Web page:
By Benjamin G. Davis, Associate Professor of Law, University of Toledo College of Law
Sir Sly – Gold (betablock3r remix)
Each of us has our dream. Peoples have their dreams.
In every period among each people there are the hard men and hard women. The hard people see their path to their dream through exercise of violence. Whether with regret or with the joy of a gamer playing a videogame, they are fascinated by the use of violence to get to their dream. They feel impelled to use violence and portray those who are less enamored of that use of violence as cowards.
Violence raises its head like a Leviathan. It is not repulsed by the deaths, it revels in them when they are on the “other” side and rationalizes them when they are on “their” side or when innocents on neither side get in the way.
Their idea of their dream divides the world into those who share that dream and the others. Reality is reinvented as is history.
The spectacular violence catches our attention. But the countenanced public and private social violence within a society is the daily role of that Leviathan.
Violence feeds on our tears for the dead and injured. It feeds on the burned fields of wheat or the deadman on a street, a blown up building, a rockets scream and its crash into something. It feeds on the horror, on the abyss in the human soul that allows itself to call to that violence – to worship that violence.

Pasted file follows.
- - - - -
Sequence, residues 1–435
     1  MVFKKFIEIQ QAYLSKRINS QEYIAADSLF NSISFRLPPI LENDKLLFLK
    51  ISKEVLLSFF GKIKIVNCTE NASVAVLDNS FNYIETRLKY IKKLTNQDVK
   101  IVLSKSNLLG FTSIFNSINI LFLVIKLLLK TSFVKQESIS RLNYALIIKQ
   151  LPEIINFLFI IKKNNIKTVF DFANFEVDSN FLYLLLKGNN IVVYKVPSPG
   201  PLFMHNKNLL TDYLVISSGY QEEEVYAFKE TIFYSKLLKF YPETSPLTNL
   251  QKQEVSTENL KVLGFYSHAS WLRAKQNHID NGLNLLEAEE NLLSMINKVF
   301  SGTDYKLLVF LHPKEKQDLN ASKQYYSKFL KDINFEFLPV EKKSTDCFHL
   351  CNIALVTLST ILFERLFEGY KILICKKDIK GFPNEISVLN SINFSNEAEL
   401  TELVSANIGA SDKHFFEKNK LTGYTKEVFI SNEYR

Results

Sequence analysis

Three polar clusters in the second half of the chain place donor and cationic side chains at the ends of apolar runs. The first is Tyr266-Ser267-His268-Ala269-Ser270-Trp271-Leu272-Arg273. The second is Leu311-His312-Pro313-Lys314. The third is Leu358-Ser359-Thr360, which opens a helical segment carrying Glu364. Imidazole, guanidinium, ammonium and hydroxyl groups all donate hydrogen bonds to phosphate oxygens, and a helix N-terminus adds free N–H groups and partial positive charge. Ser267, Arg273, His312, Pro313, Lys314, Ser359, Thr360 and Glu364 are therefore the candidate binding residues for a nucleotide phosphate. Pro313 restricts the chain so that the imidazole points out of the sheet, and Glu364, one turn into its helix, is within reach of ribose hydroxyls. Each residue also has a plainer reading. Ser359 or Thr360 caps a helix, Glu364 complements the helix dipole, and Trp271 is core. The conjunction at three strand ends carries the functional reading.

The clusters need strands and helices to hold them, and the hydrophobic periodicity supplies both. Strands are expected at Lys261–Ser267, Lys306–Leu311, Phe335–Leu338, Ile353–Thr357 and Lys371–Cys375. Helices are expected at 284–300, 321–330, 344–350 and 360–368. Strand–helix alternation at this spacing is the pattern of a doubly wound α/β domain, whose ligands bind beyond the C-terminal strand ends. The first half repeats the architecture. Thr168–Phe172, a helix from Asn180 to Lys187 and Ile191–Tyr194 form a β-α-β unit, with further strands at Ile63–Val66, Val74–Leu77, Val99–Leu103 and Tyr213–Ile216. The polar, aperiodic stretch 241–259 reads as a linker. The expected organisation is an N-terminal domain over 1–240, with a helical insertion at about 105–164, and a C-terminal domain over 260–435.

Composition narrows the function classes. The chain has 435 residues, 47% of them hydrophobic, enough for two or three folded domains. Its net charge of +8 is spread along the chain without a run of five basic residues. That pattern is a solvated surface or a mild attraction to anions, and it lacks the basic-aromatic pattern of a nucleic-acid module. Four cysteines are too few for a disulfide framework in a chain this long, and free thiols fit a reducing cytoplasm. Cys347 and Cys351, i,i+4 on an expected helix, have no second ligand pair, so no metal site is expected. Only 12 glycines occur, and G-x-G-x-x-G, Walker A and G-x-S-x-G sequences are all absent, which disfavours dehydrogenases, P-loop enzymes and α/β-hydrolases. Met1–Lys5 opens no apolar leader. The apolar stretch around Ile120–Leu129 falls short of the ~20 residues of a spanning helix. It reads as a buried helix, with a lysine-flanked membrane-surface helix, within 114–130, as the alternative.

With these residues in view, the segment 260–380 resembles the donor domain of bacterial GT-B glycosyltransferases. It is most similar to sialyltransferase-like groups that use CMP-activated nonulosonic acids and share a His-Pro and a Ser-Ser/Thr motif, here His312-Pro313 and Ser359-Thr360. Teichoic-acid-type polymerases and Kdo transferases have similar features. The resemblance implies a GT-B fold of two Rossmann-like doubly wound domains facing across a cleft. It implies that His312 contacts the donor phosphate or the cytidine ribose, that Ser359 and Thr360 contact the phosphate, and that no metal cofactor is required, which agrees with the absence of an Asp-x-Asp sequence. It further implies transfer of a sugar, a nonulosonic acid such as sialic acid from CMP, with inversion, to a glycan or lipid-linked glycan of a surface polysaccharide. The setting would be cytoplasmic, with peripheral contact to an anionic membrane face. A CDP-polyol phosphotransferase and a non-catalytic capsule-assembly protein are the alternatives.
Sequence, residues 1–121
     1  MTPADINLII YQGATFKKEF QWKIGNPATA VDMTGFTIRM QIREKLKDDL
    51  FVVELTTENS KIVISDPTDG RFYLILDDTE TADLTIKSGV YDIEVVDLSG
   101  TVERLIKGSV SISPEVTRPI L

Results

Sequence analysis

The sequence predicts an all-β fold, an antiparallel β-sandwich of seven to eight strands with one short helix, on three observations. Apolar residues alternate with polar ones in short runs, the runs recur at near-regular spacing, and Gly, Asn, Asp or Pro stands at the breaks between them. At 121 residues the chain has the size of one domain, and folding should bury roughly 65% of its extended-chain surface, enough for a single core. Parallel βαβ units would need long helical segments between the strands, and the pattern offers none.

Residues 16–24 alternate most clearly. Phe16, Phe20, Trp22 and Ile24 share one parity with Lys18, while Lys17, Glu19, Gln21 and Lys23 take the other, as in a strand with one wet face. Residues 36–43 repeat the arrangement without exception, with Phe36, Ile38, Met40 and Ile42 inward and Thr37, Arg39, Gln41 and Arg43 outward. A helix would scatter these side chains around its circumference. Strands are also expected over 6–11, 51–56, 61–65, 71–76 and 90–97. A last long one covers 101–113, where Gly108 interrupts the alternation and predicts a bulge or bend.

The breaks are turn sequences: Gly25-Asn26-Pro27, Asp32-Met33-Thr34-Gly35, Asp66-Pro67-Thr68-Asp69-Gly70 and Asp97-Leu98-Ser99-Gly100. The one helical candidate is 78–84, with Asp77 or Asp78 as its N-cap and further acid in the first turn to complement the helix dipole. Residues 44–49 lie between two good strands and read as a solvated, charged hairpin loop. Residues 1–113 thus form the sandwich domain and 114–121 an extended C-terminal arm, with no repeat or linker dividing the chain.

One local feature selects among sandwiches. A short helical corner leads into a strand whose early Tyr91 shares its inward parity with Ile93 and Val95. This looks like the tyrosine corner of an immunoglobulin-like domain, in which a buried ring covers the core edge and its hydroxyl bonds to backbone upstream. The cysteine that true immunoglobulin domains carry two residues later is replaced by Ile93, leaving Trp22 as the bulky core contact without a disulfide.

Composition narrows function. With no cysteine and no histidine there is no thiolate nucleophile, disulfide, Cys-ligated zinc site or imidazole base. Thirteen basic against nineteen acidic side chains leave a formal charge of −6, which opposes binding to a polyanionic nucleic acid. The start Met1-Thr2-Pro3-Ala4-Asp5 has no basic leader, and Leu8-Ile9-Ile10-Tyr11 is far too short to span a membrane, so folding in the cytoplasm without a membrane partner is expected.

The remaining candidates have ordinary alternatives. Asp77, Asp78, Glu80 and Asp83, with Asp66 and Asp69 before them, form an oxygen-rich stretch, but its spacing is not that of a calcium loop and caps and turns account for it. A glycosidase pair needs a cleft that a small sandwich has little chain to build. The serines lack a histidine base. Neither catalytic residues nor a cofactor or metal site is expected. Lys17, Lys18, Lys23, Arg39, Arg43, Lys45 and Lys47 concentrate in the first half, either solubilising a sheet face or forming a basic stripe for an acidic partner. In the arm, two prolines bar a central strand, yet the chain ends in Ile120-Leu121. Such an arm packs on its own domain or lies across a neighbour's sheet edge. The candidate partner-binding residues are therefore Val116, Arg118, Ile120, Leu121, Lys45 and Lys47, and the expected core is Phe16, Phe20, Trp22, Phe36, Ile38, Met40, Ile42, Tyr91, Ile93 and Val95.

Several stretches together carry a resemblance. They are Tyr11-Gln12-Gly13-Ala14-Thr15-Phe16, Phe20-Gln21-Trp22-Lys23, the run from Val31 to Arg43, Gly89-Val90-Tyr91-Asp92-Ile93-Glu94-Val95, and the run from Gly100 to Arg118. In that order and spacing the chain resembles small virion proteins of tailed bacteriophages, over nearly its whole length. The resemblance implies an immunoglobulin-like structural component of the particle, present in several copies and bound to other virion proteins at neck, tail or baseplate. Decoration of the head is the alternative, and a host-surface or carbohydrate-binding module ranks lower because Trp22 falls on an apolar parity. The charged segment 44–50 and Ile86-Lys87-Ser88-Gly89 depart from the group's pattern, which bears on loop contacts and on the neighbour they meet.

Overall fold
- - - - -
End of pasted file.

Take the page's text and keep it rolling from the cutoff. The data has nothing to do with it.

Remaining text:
Then there are those who try to speak across that violence. Whose only contradiction is to love across that violence. Even when the people they love hate each other.
Those acts of love can be as simple as a parent burying their dead child, the tears of a mother or father for their dead child, or insisting to the hard men and hard women that one recover one’s loved one from the cattle car on a nondescript train so that they can be buried at home with dignity. Of a doctor treating the injured whatever the way they received their injury.
The hard men and women revel in the instruments of violence and their exercise. Legal wordplay like religion are used as rationalization. Nationalism or other isms are deployed to rationalize the violence.
We have seen this before and we will see this again – the paeans to violence. And we will see rise in this space the interpreters and those who try to bring light on the contradictions in the manipulations done to our consciousness and conscience.
At some point, the peacemakers in the form of people and not missiles speak to the hard men and women and help them to step back from the abyss in which they are on the brink of plunging the world. We have little sense of how awful and horrible that violence can be across the world, but the peacemakers do have a deep sense of that darkness and try to walk their hard men and hard women back from the brink.
Acknowledgement, apology and compensation. Dialogue. Words that the hard men and women associate with weakness. Liberating words.
Send in the hippies. As a bumper sticker once said, hippies never started a war.